I am strongly in favour of an on-the-job assessment of auditor and registrar ability to do the job. Indeed, I have offered to assist the "powers that be" in framing how this can be done and in its implementation as I needed to do it some 30 years ago in the nuke business and developed some methods and rules for it. The RABQSA etc have never contacted me to discuss this matter, though on more than one occasion I was directly informed they would. Either amnesia or a lack of good old fashioned professional courtsey may be the problem. Or, perhaps, their senior people are not given to doing what they say they will. I do not know.

The psychometric stuff is an irrelevance and distraction from the real challenge and needs, in my view. It will probably absorb too much time, effort and money. What message must it show to management and business leaders? It makes us all look ridiculous. If there is a problem with bipolars, psychopaths, serial killers or whatever, it is for the registrar firms to sort out their people through their own HR policies and practices. Has the RABQSA etc nothing else to do? But, if they think it is necessary, maybe they believe there are too many nuts working in the registration industry and they must be sifted out. One hopes the top committees/ chairpeople and so on will lead by example. :rolleyes:

My article urges them to get into more substantive issues and I have made a few suggestions, though not offered all I could due to time constraints on the day.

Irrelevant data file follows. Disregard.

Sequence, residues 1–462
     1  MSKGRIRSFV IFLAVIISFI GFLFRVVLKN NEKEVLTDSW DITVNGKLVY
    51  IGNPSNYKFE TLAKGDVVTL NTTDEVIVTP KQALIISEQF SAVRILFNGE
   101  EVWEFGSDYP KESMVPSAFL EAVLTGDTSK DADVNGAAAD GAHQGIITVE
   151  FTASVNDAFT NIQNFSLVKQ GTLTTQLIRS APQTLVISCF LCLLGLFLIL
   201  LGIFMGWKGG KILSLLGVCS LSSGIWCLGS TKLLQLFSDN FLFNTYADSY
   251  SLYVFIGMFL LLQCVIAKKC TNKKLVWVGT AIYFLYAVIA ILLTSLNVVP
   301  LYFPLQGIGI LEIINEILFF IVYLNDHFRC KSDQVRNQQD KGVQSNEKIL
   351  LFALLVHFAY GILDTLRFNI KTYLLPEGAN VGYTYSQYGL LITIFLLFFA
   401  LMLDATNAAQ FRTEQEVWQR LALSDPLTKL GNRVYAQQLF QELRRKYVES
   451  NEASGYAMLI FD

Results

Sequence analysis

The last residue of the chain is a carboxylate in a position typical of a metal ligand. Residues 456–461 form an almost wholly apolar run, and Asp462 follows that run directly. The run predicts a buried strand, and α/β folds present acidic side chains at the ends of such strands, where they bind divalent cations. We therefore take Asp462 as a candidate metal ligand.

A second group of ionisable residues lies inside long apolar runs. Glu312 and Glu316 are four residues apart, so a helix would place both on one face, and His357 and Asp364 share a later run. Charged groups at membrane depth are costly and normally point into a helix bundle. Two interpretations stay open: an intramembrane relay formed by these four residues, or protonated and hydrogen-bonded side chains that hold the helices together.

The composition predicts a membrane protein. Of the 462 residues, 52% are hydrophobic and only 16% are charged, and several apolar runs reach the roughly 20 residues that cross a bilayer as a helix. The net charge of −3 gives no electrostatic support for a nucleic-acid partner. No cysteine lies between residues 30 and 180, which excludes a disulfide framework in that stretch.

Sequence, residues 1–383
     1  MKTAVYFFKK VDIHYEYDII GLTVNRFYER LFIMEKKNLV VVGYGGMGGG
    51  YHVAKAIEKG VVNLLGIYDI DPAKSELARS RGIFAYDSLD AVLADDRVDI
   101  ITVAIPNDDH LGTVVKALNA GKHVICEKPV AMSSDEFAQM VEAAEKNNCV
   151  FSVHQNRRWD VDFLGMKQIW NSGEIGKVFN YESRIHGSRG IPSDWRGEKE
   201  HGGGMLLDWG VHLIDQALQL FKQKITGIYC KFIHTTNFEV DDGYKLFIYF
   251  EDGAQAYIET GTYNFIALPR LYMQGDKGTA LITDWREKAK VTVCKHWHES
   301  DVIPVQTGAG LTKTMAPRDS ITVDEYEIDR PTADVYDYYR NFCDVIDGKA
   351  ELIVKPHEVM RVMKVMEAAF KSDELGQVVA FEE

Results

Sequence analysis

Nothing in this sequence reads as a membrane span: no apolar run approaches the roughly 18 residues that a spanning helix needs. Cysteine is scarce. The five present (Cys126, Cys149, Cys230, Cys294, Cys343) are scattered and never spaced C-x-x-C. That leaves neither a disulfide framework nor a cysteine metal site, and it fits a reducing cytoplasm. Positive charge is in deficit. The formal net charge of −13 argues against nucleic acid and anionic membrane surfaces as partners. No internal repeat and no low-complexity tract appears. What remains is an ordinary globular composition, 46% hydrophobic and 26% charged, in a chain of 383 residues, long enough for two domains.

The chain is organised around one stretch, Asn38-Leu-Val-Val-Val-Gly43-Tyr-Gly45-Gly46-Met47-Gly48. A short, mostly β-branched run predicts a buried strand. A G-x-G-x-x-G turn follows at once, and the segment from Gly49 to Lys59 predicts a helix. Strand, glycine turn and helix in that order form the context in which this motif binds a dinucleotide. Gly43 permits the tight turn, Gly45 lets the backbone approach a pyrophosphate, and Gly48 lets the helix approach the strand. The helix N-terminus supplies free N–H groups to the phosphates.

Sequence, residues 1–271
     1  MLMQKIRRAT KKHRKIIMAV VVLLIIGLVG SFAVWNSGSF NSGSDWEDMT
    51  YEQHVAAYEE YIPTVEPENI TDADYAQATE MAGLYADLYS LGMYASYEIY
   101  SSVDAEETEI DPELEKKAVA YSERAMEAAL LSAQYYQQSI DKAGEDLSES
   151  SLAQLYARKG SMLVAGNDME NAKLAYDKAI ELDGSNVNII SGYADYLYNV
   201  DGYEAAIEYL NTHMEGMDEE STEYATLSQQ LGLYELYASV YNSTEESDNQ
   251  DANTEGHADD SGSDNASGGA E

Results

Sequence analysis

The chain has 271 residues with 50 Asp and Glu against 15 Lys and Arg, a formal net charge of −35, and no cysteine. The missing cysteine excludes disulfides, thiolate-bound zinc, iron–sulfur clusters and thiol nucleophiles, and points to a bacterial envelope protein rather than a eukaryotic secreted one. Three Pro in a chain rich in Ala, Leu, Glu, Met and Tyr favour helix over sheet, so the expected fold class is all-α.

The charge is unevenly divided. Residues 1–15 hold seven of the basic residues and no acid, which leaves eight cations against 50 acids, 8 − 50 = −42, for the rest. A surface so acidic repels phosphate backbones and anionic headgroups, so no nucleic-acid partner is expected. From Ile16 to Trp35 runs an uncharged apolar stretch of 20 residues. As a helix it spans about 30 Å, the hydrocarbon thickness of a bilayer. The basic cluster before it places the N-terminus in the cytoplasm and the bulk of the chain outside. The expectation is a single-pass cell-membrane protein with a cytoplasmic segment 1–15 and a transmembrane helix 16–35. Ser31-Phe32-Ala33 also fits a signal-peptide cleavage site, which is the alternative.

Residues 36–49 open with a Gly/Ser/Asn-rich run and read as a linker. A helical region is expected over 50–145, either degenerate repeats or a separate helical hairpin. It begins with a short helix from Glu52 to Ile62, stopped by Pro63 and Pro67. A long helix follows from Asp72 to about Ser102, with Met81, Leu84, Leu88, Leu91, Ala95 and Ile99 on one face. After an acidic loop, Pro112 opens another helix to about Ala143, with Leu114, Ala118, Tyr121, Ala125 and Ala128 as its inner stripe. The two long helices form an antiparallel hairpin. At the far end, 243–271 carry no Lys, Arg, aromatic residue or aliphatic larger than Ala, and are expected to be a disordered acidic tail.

Jim Wynne

Staff member
Admin
#9
I wonder if there's enough basic competence to go around, with the understanding that a significant proportion of competence is experience, which can't be taught. No one here who has spent any time at all being audited hasn't encountered an auditor who felt qualified to make stentorian pronouncments regarding issues he clearly didn't understand. How much time has been squandered in trying to explain to these people things they should have known to begin with?

The other part of incompetence that concerns me is how easy it is to present specious explanations to inexperienced auditors who will swallow them hook, line and sinker because they sound like they make sense.

In my daily work I continually encounter engineers who are ignorant of basic engineering principles, CAD people who don't understand GD&T, quality engineers who don't understand basic normal-curve statistics, etc., etc. Where are all of these helpful auditors going to come from? If they come from the population of downsized-but-competent people, then what happens to dedicated, internal competence? Is there enough competence to go around?
 
Last edited:

Randy

Super Moderator
#10
AllanJ said:
Randy, your presence and incisiveness have been sorely missed and welcome back.

The RABQSA etc have never contacted me to discuss this matter, though on more than one occasion I was directly informed they would. Either amnesia or a lack of good old fashioned professional courtsey may be the problem. Or, perhaps, their senior people are not given to doing what they say they will. I do not know.

Thanks for the kind words...

You are probably hitting the proverbial nail on the head in bringing up the courtesy subject. Based on my experiences with the aforementioned organization, to say that I am less than pleased would be an under-statement.